Monday, November 3, 2014

Credibility on the line: time to get real about Auckland transport and land use options

Councillors are getting nervous about the planned central rail link (CRL).  So they should be.  And while planning is well down the track, it’s not too late to apply the brakes.

This post strings together some of the arguments I have raised against the CRL over the past several years[1], and adds another one –the likelihood that technology gains will further undermine it.

But first some basics. 

Moving more and moving further
Transport is a derived demand: you only get it in response to the demand to move people or goods.  And as information flows more and more freely around the world, so growing demand for travel and trade -- locally, nationally, and internationally -- drives investment in transport. 

As nations, towns, and cities prosper, we travel more and further.  We exercise greater choice in where and how we live.  We consume a greater variety of products and services at lower prices.  And the transport sector responds with ever increasing products, services, and capacity.

Of course, it’s not just a one-way street. Transport innovations facilitate new trading relationships and expand travel demands.  Innovation-driven gains in mobility have enabled the masses and not simply the rich to enjoy the benefits of access to more space, more places, and more lifestyle opportunities. 

For example, the arrival of the wide-bodied jet in the 1960s and the more recent emergence of the single aisle, light weight, twin engine long-distance jet have increased the affordability of long distance travel and supported the emergence of many more international travel destinations for many more travellers.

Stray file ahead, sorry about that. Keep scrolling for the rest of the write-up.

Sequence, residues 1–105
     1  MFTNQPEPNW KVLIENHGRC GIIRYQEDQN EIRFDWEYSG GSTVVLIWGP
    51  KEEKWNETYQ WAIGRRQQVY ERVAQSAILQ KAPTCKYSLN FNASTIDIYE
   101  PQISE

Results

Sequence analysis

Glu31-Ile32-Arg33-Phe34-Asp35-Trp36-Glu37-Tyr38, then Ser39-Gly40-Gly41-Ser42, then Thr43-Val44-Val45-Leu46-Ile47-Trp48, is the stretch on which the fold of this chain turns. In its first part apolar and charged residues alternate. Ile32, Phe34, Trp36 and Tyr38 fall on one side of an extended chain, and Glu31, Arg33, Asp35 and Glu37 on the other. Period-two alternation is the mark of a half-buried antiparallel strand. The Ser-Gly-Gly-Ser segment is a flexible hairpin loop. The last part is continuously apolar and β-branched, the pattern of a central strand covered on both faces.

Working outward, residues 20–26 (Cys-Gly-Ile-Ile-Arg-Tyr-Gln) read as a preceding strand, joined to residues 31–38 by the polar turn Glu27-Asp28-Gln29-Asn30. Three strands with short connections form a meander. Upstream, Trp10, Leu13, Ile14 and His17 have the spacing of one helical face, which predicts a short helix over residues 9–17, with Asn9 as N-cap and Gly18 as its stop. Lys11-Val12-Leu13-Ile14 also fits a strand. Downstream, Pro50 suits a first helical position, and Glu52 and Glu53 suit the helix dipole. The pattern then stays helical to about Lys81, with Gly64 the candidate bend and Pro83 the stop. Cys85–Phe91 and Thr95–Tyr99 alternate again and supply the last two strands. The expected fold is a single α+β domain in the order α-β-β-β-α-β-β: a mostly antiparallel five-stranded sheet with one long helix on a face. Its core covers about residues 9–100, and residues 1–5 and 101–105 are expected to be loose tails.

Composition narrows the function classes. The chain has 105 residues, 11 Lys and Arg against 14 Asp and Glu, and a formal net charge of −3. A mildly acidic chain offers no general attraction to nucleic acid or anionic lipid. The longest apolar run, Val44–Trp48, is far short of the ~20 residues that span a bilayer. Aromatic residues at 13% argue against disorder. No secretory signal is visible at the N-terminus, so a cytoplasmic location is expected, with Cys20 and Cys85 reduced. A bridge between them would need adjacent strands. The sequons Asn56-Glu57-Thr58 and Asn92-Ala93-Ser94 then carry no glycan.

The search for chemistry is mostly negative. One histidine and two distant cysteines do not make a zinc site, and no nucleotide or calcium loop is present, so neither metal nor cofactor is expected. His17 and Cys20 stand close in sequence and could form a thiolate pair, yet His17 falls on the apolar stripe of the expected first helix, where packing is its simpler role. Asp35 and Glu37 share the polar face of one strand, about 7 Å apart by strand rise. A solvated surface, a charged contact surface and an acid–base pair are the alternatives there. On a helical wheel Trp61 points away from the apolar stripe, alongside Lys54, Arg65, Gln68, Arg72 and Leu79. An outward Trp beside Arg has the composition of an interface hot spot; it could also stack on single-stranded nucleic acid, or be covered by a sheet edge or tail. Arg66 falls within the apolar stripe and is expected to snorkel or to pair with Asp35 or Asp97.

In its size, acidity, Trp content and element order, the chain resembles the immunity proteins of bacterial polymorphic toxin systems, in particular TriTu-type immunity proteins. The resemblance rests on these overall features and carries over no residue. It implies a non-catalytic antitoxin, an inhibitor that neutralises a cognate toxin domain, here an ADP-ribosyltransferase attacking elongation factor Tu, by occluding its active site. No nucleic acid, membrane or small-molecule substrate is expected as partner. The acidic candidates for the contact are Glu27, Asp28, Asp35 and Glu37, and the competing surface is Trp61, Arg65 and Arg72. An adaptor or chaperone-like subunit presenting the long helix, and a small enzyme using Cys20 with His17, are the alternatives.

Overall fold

Similarly, the globalisation of production has been facilitated by transformation of the freight industry into an integrated transport, storage, and fulfilment logistics sector operating seamlessly to deliver lower priced goods from producer to consumer regardless of the distance and borders between them.

Urban transport – a history of increasing personal mobility
This is not the place to detail the history of urban transport, but it’s worth noting a legacy of occasional step changes resulting from disruptive new technologies interspersed with long periods of refining existing technologies.  These two have offered people the opportunity to enjoy more space, better health, and better lifestyles through progressively improved access to housing, services, work, and recreation. 
Hence the displacement of horse and carriage with steam-driven and tracked vehicles in the second half of the 19th century, the replacement of steam engines with internal combustion engines late in the 19th century; the introduction of the omnibus at the beginning of the 20th; the development of mass-production techniques for automobiles in the 1930s; and their proliferation in the 1950s and beyond.